Martin Scorsese’s 3.5-hour mob epic The Irishman is an elegy to male friendship and a tragedy of divided loyalties, centring on union functionary Frank Sheeran (Robert De Niro) and the story of his increasingly fraught role as intermediary between the Philadelphia mob and Teamsters boss Jimmy Hoffa (Al Pacino).
The accuracy of Sheeran’s published memoir is widely disputed, but in this dense script by Steven Zaillian (Gangs of New York), it hardly matters.
The film is best savoured — and makes most sense — as a late-career exploration of some of Scorsese’s life-long obsessions: the moral codes and shared triumphs of men, and the particularly masculine hubris that inevitably corrodes the most ironclad bonds.
Told in flashbacks across several decades (helped along, but not always believably, by a process of de-ageing that looks like digital airbrushing), the film is thick with melancholy, even for Scorsese, who has made a signature style out of first-person, voiceover-led films about male loss.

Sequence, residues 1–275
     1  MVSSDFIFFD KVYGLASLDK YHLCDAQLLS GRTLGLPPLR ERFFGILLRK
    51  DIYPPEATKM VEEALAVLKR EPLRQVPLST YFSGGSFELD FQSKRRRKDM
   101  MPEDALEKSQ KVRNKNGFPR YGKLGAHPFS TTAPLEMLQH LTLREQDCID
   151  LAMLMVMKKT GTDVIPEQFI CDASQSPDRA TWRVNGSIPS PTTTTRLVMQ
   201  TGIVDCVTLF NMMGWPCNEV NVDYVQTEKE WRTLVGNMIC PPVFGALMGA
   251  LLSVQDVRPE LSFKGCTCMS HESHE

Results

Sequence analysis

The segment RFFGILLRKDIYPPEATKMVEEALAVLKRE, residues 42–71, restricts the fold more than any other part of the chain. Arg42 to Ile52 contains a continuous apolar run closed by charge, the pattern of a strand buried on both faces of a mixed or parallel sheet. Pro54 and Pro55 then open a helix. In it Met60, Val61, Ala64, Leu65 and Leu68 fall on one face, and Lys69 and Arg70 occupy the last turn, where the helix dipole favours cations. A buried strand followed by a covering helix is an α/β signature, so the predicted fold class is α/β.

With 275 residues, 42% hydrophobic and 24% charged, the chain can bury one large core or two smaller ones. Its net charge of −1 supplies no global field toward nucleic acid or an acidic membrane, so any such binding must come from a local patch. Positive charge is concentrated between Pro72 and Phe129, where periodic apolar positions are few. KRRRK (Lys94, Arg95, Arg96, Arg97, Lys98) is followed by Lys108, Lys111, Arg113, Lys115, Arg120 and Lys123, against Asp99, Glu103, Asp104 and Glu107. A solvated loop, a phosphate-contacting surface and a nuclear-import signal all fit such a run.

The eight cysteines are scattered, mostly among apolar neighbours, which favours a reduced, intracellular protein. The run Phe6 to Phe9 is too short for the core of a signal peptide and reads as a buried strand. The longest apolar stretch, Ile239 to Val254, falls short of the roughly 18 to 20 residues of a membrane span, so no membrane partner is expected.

Themes of grief and nostalgia are recurrent in the 76-year-old’s work, from his gangster movies Goodfellas and Casino to his 1997 Dalai Lama biopic Kundun — a work infused with the mournfulness of exile, that he completed just after the death of his mother.
In The Irishman, the disappearance of Jimmy Hoffa is presented as part of the same tectonic shift in American politics as the assassination of JFK and the decline of the American mafia.
Sheeran, who laments that no-one knows who Jimmy Hoffa is anymore, recalls this history from a wheelchair at a nursing home, anonymous and unnoticed, except by a young priest and a couple of FBI agents who pry him for confessions and remorse.